Author: Scott Brown, CFA, Founding Partner
An interesting thing has happened on the way to tighter central bank policy and looser fiscal policy. Risk aversion awoke, at least for a while. While we would term the rather pedestrian downdraft in stocks as nothing to write home about historically, the market for equity volatility did blow up as we had expected it would. That has perhaps ushered in a new market landscape that may force investors to reduce risk because it exposed how unsteady the equilibrium has been.
We have argued for years that the central bankers were trapped in emergency policies because the world had become addicted to them. We called it “Hotel California.” It’s important to realize that even the onset of minimal quantitative tightening in recent months has resulted in more volatility than we have seen in years.
At the same time, our current read is that the real economy may have seen its best point of the cycle. Most forecasters are not accounting for obvious special factors that are driving recent economic activity. As a result, the Fed may back away from tightening once it realizes that growth is not meeting targets.
As we have also discussed, central bank largesse encouraged participants in the markets and the real economy to add ridiculous amounts of debt in this cycle because money was considered “free.” All that additional leverage on top of already high debt loads means it does not take a major move higher in interest rates to upset the status quo. Mortgage rates at four-year highs are but one major drag. Corporate loans are impacted by rising short rates.
Rising yields are being disproportionately blamed for the downdraft in stocks. The reality is that stocks were and are at unsustainable valuations over the long-term. Most other discussions are a distraction from that fact. Short-term predictions about price moves are always guesswork and speculation.
Historically low measures of volatility were simply one manifestation of ten years of overly involved, coddling central bankers. It was one symptom of the disease of reckless monetary policy. The new chair at the Fed, Mr. Powell, is left to clean up the mess he helped create in his prior role there as he gingerly tries to normalize policy.
As for the fiscal side of things, most of those jokers who went to D.C. to reduce government spending apparently were just kidding based on recent budget discussions. As a result, astounding amounts of deficit spending will crowd out capital from the real economy as most politicians of all stripes don’t care about “no stinkin” deficits. Between the central banks’ quantitative tightening and deficit spending we expect close to a $2 trillion drain on the financial system this year. Markets are awakening to that fact.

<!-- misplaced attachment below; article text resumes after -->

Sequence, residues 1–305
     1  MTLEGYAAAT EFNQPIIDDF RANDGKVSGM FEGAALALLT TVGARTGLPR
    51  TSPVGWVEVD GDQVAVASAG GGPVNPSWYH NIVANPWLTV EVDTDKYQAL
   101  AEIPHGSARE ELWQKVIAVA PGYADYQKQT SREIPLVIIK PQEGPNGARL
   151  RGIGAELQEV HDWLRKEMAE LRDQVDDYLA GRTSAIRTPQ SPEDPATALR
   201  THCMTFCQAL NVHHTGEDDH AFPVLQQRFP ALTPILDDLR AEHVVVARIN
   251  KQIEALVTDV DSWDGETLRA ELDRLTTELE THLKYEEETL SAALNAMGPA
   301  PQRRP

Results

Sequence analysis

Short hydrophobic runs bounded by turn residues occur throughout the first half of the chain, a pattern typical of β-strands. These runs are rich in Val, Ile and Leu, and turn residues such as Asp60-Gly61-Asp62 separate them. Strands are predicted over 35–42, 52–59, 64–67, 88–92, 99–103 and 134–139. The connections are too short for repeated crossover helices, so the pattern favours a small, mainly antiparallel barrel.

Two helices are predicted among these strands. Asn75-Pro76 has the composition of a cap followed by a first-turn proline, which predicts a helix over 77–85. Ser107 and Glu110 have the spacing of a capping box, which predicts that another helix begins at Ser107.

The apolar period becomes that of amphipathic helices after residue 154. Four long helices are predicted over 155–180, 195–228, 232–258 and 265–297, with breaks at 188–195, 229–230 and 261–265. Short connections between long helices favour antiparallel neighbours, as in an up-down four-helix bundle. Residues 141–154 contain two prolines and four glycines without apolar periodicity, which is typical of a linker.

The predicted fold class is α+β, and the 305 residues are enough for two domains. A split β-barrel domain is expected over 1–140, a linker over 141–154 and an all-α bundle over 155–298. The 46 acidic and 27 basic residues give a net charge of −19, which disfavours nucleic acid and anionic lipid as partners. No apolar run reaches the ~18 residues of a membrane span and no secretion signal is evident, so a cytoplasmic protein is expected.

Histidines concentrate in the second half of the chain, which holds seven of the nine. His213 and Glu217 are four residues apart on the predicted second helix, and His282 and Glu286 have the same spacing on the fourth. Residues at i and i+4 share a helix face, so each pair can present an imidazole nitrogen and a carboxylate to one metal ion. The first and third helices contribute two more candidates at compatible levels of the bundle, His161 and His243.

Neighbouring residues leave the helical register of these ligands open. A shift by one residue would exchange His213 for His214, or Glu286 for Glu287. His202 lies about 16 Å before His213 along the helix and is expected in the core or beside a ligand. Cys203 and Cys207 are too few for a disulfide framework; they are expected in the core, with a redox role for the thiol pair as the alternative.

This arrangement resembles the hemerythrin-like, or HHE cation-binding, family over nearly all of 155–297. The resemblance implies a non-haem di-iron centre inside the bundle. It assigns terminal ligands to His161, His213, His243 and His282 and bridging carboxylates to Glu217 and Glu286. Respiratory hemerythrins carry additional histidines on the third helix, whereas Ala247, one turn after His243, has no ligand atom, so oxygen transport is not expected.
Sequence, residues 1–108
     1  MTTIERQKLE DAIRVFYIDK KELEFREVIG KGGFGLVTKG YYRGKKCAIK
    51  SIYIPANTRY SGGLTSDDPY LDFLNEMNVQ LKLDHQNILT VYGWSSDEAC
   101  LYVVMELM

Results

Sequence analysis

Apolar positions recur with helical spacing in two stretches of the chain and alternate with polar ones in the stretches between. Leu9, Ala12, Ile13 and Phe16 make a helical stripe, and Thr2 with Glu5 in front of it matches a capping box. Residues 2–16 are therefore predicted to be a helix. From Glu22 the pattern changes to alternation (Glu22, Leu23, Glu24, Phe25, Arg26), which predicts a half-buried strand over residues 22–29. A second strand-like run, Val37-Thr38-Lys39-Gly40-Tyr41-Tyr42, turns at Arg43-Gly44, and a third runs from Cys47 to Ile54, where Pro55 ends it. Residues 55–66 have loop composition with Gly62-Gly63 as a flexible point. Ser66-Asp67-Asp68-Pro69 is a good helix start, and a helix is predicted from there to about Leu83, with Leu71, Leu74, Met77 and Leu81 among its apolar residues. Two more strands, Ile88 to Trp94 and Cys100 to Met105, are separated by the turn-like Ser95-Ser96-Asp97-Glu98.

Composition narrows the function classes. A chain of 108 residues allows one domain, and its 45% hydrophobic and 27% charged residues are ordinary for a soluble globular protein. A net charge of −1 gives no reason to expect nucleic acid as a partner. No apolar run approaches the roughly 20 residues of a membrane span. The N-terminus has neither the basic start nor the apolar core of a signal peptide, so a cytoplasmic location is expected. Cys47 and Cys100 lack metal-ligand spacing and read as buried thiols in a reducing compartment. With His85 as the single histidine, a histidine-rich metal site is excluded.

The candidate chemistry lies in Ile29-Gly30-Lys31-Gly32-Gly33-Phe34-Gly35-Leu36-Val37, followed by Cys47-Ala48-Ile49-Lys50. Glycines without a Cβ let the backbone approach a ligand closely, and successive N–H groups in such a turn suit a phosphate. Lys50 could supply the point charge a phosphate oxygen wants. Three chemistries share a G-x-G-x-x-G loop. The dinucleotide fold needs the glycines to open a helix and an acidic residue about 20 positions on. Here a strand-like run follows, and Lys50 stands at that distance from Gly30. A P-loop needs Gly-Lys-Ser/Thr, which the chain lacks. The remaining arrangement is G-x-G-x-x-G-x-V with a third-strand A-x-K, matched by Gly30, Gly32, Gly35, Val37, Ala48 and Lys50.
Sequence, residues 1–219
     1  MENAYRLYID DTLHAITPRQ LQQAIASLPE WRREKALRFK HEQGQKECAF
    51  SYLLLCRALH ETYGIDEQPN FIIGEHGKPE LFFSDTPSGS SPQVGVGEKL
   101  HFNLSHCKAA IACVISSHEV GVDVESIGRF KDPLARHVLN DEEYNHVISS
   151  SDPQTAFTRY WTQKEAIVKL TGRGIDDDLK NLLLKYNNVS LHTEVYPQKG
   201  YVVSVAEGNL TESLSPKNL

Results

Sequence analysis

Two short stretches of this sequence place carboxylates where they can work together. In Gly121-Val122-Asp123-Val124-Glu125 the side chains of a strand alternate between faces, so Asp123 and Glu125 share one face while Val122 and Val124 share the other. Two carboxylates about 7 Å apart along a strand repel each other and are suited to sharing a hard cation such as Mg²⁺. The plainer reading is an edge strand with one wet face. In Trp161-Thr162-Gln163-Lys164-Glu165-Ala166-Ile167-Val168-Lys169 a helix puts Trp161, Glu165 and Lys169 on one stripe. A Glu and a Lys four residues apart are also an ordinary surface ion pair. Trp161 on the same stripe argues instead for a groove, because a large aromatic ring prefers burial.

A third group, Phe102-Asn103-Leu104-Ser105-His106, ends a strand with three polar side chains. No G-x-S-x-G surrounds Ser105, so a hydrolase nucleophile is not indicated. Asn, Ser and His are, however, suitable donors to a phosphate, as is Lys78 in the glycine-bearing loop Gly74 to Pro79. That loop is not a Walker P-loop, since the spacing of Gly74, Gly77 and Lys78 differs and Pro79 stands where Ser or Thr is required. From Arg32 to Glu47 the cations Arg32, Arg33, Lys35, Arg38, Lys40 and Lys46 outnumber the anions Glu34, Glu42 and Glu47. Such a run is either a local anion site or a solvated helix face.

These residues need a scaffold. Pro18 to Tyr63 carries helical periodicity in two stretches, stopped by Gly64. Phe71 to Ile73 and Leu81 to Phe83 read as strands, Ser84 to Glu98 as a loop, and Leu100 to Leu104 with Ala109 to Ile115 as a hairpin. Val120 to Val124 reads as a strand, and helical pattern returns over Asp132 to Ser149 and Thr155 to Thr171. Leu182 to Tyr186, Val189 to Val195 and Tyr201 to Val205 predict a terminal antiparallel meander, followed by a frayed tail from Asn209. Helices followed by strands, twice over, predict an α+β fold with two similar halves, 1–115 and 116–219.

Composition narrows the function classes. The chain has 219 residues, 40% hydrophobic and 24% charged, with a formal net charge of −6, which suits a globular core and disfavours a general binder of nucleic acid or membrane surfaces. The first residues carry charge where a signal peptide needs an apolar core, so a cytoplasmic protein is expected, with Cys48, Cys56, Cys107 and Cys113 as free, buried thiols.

Thinking economic growth was finally going to break free after years of malaise, market participants had for months piled into similar bets on growth and reflation, creating some very crowded trades. Suddenly those positions looked too risky once it became clear that many of them were predicated on the ideas that volatility would remain absurdly low and that rising interest rates would not ruin the party.
We suspect many investors have failed to account for the changing liquidity backdrop. We think it’s likely many positions will have to be unwound because the vice grip is tightening. If growth comes in stronger, tighter central bank policy will pressure these trades from the rate side. If growth softens, the fundamental underpinnings of positions will collapse. Add to this the fact that we are late in an economic cycle. That means risks to the downside for earnings and stock prices are high as the growth cycle impetus fades.
When volatility exploded higher, it caused large losses for some participants and the wipe-out of a few volatility-focused ETF’s and hedge funds. Today, the WSJ mentioned some large pension funds and endowments that had been playing this risky game. Remember, a wide range of investors are short volatility whether they know it or not. Essentially, given how stocks became priced for perfection, many a long-only portfolio can be said to be short volatility.
Markets sit at a critical long-term juncture from a quantitative perspective if one looks at bond yields versus stock prices. Bonds have become quite cheap versus stocks. We still suspect that the ultimate low in Treasury yields has not yet been seen. When risky assets are finally sold as the cycle completes, U.S. government debt will receive a tremendous bid.
The views expressed on this blog are the opinions of the authors. This information is not intended as investment advice or to recommend the purchase or sale of securities. More information on Strategic Balance, LLC may be obtained by contacting investor relations.